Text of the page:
- The Cost Deterrent: The perceived concern about increasing total marketing budget or the cost of investment in new activities.
- The Paralysis of Choice: The abundance of digital marketing disciplines, channels and platforms can be a confusing and overwhelming challenge.
The Scale of it All
The digital revolution is not only impacting businesses, it’s transforming entire industries and economies. The barriers to adoption are manifesting themselves similar to the digital divide; the gap based on socio-economic differences between those who have access to modern information technologies and those who do not.
In an interview discussing the digital divide and comparing the ability of countries to share information and technology, Bruno Lanvin, Executive Director of INSEAD’s European Competitiveness Initiative, said of countries who have hit a wall in the adoption to ICT, that “they are not receiving the benefits of the changes made in ICT…there are obstacles to receiving those benefits, especially in talent and skills”.
When businesses are able to embrace change and tear down these barriers, they can grow and evolve with their customers, as opposed to getting left behind by ambitious start-ups who are perhaps more hungry to improve their capabilities and more agile and nimble to accommodate change.
Take for example the staggering growth of two modern start-ups turned household names; Airbnb and Uber. Airbnb, the world’s largest accommodation provider, and Uber, the world’s largest taxi company, have only been able to forge ahead by being innovative while the traditional hospitality and transportation industries remained stagnant in the face of change.
The success of Airbnb and Uber demonstrate the importance of not just adapting but adapting quickly. When comparing the readiness of countries to embrace ICT in the digital divide, Beñat Bilbao-Osorio, Senior Economist of the Global Competitiveness and Benchmarking Network at the World Economic Forum, said the reason why some countries are lagging behind is not only because they aren’t leveraging ICT properly but mainly a result of “other countries going faster than them and moving ahead in the rankings”.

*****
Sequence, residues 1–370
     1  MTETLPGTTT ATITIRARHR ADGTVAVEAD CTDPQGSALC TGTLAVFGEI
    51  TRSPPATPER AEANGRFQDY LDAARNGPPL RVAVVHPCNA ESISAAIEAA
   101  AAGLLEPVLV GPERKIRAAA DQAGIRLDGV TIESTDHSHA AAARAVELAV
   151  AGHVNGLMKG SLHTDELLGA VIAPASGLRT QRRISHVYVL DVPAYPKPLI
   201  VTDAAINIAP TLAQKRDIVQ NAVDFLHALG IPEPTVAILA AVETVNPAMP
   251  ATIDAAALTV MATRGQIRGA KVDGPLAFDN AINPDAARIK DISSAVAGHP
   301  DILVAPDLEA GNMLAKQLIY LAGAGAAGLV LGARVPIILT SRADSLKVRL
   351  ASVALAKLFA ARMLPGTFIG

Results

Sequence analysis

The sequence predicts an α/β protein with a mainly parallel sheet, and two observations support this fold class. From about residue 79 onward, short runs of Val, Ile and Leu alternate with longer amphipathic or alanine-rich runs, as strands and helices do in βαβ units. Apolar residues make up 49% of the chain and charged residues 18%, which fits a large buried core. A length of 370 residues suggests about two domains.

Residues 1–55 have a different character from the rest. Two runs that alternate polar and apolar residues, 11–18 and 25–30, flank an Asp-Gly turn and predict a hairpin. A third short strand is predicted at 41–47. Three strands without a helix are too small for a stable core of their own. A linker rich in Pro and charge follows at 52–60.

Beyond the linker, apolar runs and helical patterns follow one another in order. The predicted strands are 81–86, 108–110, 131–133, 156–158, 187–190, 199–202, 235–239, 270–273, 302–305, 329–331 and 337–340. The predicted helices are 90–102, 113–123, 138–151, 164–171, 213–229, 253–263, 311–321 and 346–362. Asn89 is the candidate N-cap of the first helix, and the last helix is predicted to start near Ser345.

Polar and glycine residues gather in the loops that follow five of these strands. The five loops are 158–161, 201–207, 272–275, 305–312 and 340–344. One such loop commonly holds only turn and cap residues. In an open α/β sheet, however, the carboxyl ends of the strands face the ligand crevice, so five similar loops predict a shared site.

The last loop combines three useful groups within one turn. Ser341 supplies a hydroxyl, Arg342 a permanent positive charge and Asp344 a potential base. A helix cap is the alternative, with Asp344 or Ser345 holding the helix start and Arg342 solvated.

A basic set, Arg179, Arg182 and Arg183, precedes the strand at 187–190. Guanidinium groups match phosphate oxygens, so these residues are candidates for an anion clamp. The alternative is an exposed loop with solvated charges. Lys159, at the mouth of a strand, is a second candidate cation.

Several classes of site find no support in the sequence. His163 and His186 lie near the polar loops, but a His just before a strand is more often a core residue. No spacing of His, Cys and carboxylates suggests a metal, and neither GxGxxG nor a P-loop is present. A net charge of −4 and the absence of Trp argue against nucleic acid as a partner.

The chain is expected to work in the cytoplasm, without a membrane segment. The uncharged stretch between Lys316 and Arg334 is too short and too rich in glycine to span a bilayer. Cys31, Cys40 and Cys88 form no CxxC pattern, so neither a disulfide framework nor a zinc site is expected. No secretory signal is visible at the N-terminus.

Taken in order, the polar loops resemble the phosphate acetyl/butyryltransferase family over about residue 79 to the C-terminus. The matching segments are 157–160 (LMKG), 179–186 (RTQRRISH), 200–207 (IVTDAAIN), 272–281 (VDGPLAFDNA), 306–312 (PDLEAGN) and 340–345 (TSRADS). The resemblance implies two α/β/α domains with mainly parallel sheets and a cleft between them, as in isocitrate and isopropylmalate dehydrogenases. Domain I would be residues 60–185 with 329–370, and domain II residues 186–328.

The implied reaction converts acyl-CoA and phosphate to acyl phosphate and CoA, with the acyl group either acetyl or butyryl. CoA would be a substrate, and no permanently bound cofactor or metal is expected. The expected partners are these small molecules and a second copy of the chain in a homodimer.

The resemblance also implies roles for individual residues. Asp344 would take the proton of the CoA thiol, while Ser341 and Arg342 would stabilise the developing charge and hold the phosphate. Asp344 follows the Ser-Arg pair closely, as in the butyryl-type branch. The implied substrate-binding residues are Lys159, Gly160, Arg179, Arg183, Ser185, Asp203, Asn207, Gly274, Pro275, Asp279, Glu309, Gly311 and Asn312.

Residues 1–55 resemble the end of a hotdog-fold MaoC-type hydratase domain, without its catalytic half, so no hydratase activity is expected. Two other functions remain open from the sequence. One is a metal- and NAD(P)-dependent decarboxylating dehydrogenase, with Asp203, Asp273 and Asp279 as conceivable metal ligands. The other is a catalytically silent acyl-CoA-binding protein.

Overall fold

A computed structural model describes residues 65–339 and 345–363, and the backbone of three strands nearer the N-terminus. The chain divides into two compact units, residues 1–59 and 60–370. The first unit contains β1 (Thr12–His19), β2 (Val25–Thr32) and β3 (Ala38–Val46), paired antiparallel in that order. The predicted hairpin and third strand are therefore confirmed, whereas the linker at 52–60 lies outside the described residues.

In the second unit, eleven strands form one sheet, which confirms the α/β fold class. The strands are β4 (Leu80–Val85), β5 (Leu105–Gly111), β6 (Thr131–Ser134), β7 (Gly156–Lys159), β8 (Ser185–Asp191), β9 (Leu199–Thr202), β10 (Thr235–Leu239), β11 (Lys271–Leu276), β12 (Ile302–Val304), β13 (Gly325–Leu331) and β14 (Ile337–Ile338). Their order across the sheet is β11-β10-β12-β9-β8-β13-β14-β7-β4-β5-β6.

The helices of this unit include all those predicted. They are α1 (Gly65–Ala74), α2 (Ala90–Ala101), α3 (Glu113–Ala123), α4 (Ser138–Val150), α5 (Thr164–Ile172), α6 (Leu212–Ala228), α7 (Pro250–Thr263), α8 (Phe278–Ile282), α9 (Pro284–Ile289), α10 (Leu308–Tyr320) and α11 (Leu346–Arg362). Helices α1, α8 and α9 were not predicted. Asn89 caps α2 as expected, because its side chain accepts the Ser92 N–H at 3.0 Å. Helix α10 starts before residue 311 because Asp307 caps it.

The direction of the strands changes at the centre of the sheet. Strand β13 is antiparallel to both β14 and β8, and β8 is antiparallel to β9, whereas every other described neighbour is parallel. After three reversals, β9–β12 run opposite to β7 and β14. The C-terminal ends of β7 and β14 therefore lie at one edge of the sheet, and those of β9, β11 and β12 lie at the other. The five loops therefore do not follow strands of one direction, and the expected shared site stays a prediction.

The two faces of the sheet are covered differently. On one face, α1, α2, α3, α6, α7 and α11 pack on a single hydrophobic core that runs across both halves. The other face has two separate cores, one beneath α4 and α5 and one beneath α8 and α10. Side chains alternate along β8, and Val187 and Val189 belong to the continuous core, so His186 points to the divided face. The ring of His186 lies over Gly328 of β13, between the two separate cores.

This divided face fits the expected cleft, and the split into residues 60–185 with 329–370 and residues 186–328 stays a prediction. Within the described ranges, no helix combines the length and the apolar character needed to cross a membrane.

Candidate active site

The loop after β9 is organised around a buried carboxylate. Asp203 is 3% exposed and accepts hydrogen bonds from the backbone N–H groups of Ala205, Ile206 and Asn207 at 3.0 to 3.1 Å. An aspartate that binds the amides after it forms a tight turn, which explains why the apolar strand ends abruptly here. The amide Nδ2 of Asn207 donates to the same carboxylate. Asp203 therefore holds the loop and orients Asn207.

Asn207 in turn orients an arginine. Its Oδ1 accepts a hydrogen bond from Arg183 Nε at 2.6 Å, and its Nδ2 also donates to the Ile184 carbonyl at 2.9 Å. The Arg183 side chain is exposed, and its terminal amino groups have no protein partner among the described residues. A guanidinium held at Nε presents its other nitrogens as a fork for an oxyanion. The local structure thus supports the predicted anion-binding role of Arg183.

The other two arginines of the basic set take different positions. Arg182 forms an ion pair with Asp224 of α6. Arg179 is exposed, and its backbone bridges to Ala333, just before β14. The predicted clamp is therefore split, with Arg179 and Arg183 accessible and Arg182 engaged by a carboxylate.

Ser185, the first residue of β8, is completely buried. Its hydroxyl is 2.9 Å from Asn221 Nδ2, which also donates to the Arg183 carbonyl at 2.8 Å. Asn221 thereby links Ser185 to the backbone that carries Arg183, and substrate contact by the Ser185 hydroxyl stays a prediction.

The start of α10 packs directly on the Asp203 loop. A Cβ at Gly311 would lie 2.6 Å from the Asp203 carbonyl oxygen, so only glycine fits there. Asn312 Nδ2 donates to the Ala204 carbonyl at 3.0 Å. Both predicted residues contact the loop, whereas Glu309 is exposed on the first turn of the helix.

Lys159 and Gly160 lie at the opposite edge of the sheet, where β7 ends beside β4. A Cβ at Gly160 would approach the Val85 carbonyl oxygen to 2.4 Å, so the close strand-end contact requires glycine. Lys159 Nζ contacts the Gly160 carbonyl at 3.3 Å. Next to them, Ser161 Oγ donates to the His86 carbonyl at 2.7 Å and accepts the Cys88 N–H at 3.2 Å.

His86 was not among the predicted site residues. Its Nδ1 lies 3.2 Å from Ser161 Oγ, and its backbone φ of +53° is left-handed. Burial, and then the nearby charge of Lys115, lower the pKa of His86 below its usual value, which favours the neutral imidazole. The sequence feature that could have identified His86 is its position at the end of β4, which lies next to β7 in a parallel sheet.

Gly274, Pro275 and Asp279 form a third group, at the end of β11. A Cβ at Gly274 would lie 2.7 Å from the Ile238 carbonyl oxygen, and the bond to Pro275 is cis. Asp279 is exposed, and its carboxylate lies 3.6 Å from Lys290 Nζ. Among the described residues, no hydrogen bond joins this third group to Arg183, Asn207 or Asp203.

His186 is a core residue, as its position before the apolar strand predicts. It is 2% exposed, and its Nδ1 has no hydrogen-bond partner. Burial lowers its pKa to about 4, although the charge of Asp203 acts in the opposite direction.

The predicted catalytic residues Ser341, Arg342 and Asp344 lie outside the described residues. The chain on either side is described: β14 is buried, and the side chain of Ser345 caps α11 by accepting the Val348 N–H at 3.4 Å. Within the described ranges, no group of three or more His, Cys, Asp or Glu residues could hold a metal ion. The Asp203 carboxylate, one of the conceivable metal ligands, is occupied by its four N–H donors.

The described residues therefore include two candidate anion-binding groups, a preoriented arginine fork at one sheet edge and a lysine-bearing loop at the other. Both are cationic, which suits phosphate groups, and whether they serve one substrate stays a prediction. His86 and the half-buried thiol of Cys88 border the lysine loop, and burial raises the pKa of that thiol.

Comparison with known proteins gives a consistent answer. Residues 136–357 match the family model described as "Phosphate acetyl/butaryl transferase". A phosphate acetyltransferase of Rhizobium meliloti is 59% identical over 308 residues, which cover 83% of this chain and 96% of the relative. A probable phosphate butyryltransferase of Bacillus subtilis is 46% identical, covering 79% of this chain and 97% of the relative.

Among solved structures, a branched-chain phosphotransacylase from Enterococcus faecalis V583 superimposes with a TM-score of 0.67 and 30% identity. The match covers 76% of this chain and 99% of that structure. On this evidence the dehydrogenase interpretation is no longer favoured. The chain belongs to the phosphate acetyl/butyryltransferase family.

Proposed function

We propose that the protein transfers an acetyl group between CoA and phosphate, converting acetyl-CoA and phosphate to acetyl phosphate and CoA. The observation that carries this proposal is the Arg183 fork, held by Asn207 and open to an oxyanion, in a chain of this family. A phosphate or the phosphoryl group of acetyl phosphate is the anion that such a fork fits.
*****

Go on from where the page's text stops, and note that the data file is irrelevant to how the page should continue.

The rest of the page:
We see this same issue with businesses who are struggling to adopt digitisation. For many of them, failing to innovate is only half of the problem. Doing so must happen before their competitors establish a significant head start, or risk falling behind.
So the question becomes, how do we close the gap between businesses who are able to participate and succeed in the digital business revolution and businesses who aren’t, or to put it even simpler: How do we ensure that no business is left behind in the face of digitisation?
Tearing Down the Barriers
Fundamentally, there are only two things preventing the adoption of digitisation; barriers and the timeliness in which they are addressed.
Identifying which barriers stand in the way is crucial, but at the same time, the longer one waits to tear them down, the greater the probability that new or existing competitors will beat them to it.
Closing the gap between adopters and non-adopters of digitisation requires a readiness to embrace change and an acknowledgement that the impacts organisations can sustain by not participating fully in the digital business revolution far outweighs that of any barrier.
Our vision is to see an ever more diverse and inclusive range of businesses, Governments and institutions realising the full potential of digital marketing, because currently, all but a privileged few are still just scratching at the surface.
I’d love to hear your thoughts. Is your business adapting fast enough to the change the digital business revolution is forcing upon it? Just drop me a line in the comments below.